In 1961, a group of community leaders gathered because they wanted to do something more for our community. Before United Way of Yellowstone County existed, there were two important organizations that served as the foundation and inspiration: The Billings Community Chest and United Neighbors of Greater Billings.

Over the course of six decades, United Way of Yellowstone County has invested more than $47 million to our community in the form of allocations, designations, grants, and most recently, immediate need grants in response to COVID-19.

The impact we’ve made together—and will continue to make for generations to come—is a reflection of the strength of our partnerships and our dedication to making a positive impact on every person who lives, works, and plays in Yellowstone County. Our priority areas continue to be a staple of our community—crisis stability, school readiness and success, and senior independence.

We created a triennial strategic plan that launched 7/1/2021.

How we listen

SOURCE: Self-reported by organization

Seeking feedback from people served makes programs more responsive and effective. Here’s how this organization is listening.

done We shared information about our current feedback practices.
  • Who are the people you serve with your mission?

    United Way of Yellowstone County serves all people. People who face oppression as a result of culture, geography, genetics, economy and environment, and for those who also endure judgement and systemic oppression that comes with other marginalized identities.

  • How is your organization collecting feedback from the people you serve?

    Electronic surveys (by email, tablet, etc.), Paper surveys, Focus groups or interviews (by phone or in person), Case management notes, Community meetings/Town halls,

  • How is your organization using feedback from the people you serve?

    To identify bright spots and enhance positive service experiences, To make fundamental changes to our programs and/or operations, To inform the development of new programs/projects, To identify where we are less inclusive or equitable across demographic groups, To strengthen relationships with the people we serve, To understand people's needs and how we can help them achieve their goals,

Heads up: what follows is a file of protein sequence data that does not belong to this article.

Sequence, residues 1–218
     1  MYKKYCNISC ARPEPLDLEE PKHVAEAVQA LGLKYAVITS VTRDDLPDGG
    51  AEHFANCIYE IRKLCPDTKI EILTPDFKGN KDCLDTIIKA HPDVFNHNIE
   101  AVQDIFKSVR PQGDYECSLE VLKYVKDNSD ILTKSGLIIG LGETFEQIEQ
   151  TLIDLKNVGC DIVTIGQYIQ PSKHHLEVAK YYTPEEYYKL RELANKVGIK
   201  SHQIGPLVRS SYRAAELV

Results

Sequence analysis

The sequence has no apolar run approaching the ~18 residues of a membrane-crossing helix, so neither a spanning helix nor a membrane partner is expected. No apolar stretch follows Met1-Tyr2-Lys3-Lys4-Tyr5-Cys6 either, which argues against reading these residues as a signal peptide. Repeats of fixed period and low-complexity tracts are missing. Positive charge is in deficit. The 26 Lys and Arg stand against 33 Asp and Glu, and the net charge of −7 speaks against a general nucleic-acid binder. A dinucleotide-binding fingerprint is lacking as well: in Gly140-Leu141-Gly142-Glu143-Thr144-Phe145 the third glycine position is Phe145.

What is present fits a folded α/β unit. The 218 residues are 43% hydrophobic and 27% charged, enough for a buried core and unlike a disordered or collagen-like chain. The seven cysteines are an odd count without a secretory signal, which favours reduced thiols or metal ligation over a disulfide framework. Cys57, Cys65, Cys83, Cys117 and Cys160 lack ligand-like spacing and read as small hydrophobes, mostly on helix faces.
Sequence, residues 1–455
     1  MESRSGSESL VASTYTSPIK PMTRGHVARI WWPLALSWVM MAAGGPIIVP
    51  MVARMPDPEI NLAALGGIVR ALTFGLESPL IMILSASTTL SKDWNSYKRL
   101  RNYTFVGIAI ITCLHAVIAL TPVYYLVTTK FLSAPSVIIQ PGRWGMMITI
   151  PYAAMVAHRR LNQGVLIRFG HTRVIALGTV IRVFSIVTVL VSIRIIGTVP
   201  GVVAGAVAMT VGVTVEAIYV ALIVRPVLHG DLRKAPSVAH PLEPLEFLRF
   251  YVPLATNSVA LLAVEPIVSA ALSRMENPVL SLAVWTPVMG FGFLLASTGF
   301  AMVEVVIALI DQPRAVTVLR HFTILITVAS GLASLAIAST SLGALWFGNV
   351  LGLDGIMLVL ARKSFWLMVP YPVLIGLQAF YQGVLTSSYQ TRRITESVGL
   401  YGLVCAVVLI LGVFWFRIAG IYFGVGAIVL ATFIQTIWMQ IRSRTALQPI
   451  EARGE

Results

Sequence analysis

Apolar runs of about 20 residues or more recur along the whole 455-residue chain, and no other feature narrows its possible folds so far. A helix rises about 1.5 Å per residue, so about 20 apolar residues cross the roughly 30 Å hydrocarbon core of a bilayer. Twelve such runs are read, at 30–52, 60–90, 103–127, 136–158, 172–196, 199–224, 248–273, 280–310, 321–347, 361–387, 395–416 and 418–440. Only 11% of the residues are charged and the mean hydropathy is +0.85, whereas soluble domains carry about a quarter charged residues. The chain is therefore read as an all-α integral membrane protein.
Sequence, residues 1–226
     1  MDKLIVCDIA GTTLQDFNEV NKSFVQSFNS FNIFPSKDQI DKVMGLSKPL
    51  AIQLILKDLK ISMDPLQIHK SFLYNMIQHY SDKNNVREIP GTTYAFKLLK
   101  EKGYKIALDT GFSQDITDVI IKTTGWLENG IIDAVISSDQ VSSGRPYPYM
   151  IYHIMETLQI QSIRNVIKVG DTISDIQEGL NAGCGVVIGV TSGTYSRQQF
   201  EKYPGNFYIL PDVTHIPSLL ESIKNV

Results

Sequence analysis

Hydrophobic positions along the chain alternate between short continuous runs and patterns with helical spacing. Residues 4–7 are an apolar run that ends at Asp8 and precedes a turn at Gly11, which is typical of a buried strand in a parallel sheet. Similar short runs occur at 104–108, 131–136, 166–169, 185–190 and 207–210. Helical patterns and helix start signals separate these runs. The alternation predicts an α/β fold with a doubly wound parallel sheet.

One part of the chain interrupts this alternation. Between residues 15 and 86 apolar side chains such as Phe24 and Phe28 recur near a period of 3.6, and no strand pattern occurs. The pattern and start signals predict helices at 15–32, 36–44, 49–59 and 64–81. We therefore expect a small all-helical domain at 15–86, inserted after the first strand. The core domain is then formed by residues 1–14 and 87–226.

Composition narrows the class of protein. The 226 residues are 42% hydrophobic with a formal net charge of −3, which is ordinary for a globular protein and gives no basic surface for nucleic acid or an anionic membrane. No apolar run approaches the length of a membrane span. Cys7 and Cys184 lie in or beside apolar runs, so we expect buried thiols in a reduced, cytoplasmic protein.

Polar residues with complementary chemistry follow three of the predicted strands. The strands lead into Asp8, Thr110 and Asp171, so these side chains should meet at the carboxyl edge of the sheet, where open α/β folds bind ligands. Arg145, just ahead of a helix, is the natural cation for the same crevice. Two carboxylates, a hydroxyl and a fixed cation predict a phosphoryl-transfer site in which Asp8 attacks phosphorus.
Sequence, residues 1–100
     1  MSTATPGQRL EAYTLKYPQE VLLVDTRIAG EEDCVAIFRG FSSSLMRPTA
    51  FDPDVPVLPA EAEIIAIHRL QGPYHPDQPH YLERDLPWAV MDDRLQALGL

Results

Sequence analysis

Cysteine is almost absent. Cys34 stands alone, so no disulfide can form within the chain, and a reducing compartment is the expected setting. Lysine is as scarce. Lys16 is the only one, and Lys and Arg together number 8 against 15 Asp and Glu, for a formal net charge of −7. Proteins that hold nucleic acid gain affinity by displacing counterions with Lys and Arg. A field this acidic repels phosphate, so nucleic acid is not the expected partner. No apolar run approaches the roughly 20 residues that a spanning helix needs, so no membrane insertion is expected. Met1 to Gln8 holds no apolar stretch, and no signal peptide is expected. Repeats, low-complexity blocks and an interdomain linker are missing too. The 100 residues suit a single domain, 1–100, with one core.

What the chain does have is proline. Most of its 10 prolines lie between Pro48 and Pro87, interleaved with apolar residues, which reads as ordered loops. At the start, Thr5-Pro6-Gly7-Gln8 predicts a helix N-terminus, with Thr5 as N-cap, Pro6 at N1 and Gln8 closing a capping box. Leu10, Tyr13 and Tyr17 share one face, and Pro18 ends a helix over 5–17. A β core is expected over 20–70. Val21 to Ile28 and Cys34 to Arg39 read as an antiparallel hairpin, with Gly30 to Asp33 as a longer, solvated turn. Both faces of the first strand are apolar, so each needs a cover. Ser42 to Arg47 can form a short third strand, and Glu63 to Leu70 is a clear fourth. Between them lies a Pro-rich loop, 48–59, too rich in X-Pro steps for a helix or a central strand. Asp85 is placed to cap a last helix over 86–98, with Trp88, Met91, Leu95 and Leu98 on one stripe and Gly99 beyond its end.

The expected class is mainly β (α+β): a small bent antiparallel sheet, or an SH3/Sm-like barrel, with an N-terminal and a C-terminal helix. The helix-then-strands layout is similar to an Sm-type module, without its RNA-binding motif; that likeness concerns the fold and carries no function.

• What significant change resulted from feedback?

    Through backboning the Continuum of Care Coalition, we were able to bring together the right people at the right time to launch a low barrier shelter.

  • With whom is the organization sharing feedback?

    The people we serve, Our staff, Our board, Our funders, Our community partners,

  • How has asking for feedback from the people you serve changed your relationship?

    It allows us to modify our programing and responding to emerging community need.

  • Which of the following feedback practices does your organization routinely carry out?

    We collect feedback from the people we serve at least annually, We take steps to get feedback from marginalized or under-represented people, We aim to collect feedback from as many people we serve as possible, We take steps to ensure people feel comfortable being honest with us, We look for patterns in feedback based on demographics (e.g., race, age, gender, etc.), We look for patterns in feedback based on people’s interactions with us (e.g., site, frequency of service, etc.), We act on the feedback we receive,

  • What challenges does the organization face when collecting feedback?

Financials

United Way of Yellowstone County Inc
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Operations

The people, governance practices, and partners that make the organization tick.

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lock

Connect with nonprofit leaders

Subscribe

Build relationships with key people who manage and lead nonprofit organizations with GuideStar Pro. Try a low commitment monthly plan today.

  • Analyze a variety of pre-calculated financial metrics
  • Access beautifully interactive analysis and comparison tools
  • Compare nonprofit financials to similar organizations

Want to see how you can enhance your nonprofit research and unlock more insights? Learn More about GuideStar Pro.